Figure 1. Standardized predicted values (±SE) from mixed model of visitation rates of handicapped and control birds. Prior to the treatment, visitation rates did not differ between the control group and treatment group. After the treatment, handicapped birds reduced their visitation rate.
Figure 2. Percent difference between nests with handicapping vs. control treatments in the post-treatment feeding rates of the focal individual and their partners for each species.
Figure 3. Standardized model-predicted total visitation rates varied according to duration of care. (A) Handicapped and control groups had similar visitation rates during the pre-treatment phase. (B) Total visitation rates were lower in the handicapped group during the post-treatment phase, particularly for species with long durations of care. Shaded area represents 95% confidence interval.
In the pre-treatment phase, the change in nestling mass was not influenced by any of the explanatory variables (Figure 4A, Table 4a). In the post-treatment phase, the change in body mass of nestlings in the handicapped group decreased, but increased in nestlings of the control group, with an increasing duration of care (Figure 4B). Changes in nestling mass were directly related to total visitation rates at the nest (estimate = 0.241; lower, upper 95% CI = 0.125, 0.364; p ≤ 0.001; Table S2). Analyses of changes in nestling tarsus and wing growth (Tables 4b,c) indicated no treatment effects on both response variables.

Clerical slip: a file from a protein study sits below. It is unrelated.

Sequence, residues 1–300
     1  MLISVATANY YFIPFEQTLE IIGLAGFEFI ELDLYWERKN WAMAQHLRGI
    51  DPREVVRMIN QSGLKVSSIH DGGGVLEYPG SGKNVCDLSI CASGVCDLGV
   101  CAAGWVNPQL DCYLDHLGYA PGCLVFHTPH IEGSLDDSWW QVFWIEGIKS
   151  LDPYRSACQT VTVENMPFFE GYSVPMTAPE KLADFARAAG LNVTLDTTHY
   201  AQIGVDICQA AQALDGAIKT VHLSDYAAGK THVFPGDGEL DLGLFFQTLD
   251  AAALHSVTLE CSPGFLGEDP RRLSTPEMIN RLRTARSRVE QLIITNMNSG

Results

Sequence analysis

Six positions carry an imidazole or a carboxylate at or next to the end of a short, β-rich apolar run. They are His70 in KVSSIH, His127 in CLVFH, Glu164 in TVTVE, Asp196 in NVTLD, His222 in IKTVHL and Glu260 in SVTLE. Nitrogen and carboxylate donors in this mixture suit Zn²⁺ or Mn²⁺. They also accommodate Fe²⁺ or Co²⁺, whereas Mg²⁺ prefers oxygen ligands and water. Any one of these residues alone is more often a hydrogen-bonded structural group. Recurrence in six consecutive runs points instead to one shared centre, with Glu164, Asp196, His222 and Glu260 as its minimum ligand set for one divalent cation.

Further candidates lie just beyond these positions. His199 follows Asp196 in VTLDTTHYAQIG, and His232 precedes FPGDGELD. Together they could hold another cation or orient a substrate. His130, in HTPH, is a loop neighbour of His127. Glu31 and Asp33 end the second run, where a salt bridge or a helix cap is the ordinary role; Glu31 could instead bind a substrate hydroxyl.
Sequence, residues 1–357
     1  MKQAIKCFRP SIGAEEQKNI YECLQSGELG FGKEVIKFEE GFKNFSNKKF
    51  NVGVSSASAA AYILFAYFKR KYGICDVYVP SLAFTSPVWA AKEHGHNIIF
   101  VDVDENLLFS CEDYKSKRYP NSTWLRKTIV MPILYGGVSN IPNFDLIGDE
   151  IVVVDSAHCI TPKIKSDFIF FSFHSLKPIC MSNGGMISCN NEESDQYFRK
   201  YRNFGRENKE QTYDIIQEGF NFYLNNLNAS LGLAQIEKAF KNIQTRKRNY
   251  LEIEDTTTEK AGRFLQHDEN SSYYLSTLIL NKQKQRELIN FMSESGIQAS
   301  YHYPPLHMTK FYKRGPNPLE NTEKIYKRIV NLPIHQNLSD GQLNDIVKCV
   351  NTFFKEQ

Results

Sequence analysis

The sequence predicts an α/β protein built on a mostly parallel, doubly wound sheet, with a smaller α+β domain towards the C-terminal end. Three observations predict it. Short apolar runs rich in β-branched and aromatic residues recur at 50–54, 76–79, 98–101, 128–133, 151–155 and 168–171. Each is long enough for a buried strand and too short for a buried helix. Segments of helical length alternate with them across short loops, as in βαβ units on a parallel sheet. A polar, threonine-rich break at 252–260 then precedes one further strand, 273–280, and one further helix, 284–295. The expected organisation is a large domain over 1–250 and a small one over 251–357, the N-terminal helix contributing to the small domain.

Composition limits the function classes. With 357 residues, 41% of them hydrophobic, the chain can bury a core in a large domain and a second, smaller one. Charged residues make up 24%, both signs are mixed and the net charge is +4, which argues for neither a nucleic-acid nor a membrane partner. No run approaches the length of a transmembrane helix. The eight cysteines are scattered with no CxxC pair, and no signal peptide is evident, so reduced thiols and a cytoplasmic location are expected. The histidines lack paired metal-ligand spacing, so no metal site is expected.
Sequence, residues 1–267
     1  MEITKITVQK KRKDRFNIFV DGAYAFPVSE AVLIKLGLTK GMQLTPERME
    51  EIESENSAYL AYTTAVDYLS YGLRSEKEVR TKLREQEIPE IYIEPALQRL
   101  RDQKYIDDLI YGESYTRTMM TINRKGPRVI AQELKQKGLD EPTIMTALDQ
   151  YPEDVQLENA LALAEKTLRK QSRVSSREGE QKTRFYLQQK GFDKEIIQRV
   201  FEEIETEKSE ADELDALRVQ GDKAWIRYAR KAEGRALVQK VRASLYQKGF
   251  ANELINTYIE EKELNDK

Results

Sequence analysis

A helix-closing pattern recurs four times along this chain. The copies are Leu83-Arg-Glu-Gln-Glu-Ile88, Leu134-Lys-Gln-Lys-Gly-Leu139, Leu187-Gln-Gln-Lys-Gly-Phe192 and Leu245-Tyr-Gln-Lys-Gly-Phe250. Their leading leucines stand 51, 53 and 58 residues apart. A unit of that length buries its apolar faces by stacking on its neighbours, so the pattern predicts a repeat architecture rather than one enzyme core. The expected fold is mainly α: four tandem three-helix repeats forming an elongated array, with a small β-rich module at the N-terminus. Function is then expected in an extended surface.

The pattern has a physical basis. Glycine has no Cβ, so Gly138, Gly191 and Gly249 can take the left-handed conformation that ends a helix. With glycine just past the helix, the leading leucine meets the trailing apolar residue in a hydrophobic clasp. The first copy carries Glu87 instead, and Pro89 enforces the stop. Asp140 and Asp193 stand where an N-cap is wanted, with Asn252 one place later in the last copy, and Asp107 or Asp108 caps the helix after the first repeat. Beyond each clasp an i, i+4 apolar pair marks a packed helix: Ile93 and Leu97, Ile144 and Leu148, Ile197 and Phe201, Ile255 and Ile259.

Figure 4. Standardized model-predicted changes in nestling mass varied according to duration of care. (A) The change in nestling mass did not differ between the handicapped and control groups in the pre-treatment phase. (B) In the post-treatment phase, the mass of nestlings in the handicapped group decreased with an increasing duration of care, while the mass of nestlings in the control group increased with the duration of care. Shaded area represents 95% confidence interval.
Table 4. Mixed model results of effects on nestling (a) mass, (b) tarsus length, and (c) wing length before and after the handicapping (or control catching) of one parent.
Parental care is costly, and parents of iteroparous species are predicted to strive to minimize the costs that they incur in a current reproductive event to ensure future reproductive events (Williams, 1966; Stearns, 1992; Gross, 2005). Our experiments demonstrate that, across five species, increased costs of parental care generally results in a reduced visitation rate by the handicapped parent, and that offspring were passed on the largest share of the additional cost in species with long offspring care periods. Surprisingly, the partners of handicapped individuals generally did not compensate for the reduction of care and thus, the detrimental effects on the nestlings mainly depended on the strength of the response of the handicapped parent.